AQA · For Pupils · literature · Macbeth · Shakespeare · Teaching Ideas

Y11 Macbeth – How does Shakespeare present Lady Macbeth as a dominant force in act 1 scene 7?

First of all here’s the task I set you:

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You can’t cover anything so try and decide what are the main points you want to convey in your response. We made some fantastic points in class about how Lady Macbeth takes on the archetypal female role of temptress in this scene which links her to a long line of mythical temptresses: Biblical – recall Eve in the Garden of Eden or Salome who requested the head of John the Baptist; in Greek mythology, the Sirens’ beautiful song tempted sailors to shipwreck. The temptress is a typical figure in narratives (of course, the witches also perform this function) and film is also full of them. In film noir, the femme fatale used all her powers of seduction to get men to do her bidding (Double Indemnity, The Postman Always Rings Twice, The Last Seduction).

However, Lady Macbeth also reveals her ‘monstrosity’ – again the monstrous female is a mythic archetype. Think of Medusa for example. And then there are the film equivalents – the mother in Alien; Carrie; and of course witches throughout history. Think also of the Jessica Lange characters (and Lady Gaga’s) in American Horror Story! (If you get chance, read Angela Carter who turns these myths right on their heads – A Bloody Chamber is a great place to start). Remember – these are stereotypes, arising from myths and legends but they are also used to maintain gender stereotypes and we need to question these ideas don’t we?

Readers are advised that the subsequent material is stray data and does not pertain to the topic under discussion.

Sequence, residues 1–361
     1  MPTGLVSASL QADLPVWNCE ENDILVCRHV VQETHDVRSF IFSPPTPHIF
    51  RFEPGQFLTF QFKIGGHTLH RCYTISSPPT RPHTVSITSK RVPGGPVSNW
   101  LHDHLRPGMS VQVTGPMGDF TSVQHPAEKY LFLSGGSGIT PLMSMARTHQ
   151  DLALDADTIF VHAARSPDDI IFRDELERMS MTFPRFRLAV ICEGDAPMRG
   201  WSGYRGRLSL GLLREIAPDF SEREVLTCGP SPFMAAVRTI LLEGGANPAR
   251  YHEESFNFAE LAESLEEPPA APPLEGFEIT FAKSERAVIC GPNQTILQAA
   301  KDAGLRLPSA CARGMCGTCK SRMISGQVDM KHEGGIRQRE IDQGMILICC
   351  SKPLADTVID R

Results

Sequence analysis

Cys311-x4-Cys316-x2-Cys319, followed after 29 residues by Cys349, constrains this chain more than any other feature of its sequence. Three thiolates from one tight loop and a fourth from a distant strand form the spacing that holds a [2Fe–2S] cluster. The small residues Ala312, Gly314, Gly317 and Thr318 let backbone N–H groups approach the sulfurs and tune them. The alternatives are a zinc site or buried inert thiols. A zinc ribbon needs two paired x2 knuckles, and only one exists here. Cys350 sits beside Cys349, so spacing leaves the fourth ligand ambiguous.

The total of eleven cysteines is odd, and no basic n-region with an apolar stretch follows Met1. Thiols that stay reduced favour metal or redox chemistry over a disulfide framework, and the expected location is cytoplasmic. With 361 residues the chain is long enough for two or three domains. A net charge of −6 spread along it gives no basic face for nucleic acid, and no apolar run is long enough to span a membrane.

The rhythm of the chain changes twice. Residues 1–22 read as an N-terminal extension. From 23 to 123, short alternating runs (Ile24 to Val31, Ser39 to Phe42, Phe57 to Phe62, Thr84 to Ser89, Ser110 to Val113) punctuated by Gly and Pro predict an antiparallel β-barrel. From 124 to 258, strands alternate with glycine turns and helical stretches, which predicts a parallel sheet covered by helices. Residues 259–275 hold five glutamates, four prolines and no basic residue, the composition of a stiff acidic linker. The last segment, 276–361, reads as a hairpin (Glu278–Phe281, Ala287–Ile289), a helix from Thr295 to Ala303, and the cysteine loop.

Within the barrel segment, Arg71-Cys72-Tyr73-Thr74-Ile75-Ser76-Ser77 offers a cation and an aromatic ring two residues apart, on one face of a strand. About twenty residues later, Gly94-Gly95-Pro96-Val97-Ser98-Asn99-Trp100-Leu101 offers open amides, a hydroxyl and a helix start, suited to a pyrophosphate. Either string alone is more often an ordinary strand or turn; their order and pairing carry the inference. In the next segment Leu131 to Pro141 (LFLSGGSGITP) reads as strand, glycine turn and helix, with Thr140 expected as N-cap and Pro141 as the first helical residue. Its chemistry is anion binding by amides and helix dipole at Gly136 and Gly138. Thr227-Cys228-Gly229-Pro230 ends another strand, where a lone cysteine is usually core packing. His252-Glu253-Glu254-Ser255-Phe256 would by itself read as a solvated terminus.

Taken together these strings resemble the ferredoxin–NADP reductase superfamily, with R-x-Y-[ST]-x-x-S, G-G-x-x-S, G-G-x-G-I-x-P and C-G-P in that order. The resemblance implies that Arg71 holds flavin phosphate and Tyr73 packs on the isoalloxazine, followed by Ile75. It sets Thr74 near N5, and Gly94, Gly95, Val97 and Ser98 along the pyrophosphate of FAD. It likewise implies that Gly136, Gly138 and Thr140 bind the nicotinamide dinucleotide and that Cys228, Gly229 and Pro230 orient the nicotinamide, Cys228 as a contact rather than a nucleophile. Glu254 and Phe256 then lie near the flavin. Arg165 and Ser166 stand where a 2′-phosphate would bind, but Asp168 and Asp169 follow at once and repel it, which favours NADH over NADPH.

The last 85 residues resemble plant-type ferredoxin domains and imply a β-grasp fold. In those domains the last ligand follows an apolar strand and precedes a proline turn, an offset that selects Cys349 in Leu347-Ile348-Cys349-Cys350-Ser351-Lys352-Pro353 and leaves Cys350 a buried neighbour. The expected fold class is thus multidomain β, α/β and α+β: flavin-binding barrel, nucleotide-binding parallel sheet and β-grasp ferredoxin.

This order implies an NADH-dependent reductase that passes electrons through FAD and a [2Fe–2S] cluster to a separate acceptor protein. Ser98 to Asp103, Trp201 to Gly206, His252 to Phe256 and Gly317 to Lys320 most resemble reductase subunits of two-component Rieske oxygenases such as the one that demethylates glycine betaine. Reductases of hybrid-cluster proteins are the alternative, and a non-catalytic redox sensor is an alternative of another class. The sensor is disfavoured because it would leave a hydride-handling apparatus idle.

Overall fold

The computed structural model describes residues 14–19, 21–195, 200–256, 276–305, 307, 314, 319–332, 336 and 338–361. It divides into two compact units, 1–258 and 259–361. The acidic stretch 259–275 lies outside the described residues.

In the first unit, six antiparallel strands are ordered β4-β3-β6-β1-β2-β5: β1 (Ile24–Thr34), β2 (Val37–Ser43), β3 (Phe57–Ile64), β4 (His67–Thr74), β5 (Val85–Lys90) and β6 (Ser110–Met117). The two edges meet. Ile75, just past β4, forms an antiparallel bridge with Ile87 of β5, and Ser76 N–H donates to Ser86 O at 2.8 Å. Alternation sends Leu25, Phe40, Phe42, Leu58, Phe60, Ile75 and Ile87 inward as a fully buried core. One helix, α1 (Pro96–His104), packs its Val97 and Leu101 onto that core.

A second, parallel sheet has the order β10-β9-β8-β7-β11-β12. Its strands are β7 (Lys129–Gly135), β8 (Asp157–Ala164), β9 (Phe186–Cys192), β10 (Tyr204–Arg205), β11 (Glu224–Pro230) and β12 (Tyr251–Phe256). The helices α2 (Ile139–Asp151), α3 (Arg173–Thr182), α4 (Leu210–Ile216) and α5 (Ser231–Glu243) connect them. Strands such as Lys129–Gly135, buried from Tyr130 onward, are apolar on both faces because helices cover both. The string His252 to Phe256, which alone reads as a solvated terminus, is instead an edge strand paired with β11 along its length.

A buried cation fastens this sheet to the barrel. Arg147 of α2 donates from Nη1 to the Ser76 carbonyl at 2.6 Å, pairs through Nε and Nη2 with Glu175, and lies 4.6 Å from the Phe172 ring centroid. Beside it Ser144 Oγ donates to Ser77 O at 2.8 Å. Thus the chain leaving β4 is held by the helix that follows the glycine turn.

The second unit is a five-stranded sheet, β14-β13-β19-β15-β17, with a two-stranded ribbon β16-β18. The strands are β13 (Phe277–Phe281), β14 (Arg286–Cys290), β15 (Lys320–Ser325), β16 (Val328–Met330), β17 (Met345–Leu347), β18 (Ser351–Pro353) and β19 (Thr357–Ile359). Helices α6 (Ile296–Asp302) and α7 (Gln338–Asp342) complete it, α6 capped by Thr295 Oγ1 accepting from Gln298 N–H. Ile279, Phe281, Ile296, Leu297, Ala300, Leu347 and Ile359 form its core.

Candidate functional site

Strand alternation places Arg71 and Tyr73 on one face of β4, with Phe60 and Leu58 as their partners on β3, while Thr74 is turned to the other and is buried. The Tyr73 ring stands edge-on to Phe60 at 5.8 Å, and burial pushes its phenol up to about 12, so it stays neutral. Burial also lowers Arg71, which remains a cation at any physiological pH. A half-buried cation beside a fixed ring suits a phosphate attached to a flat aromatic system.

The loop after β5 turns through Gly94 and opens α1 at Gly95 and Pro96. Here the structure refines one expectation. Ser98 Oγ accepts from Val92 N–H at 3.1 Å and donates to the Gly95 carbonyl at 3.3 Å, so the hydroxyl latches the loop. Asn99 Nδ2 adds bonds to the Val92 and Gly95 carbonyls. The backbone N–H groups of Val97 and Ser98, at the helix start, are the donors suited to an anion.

And. We mentioned whether Lady Macbeth would actually kill her children. One way to look at this is to see it as hyperbole – again using pathos to convince Macbeth to kill Duncan. She is a woman in a man’s world and thus by removing her maternal instincts (as she does in act 1 scene 5 and the ‘unsex me here’ bit) she can obtain the strength to commit murder. The fact that later on in the play she goes insane might suggests that she is not pure evil and that conscience has finally overcome her (if she were pure evil wooiuld she have a conscience?)

Don’t forget that you need to do some AO2 – close analysis of language and methods; zoom in on some key words and phrases and add extra layers of exploration.

Here’s some help if you need it.

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And here’s a couple of excellent examples from students who responded with come real sophistication:

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In the one above, I’ve just highlighted a couple of areas where I felt the student had maybe generalised/speculated too far or needed a little more evidence (and asked them to correct). However, with this group I am encouraging speculation – it adds to their layers of interpretation – but it also needs to be grounded in the text of course.

NB – it looks like I’m a ‘just tick’ marker: I’m not – I annotate in the margins and continually ask questions. Believe me!

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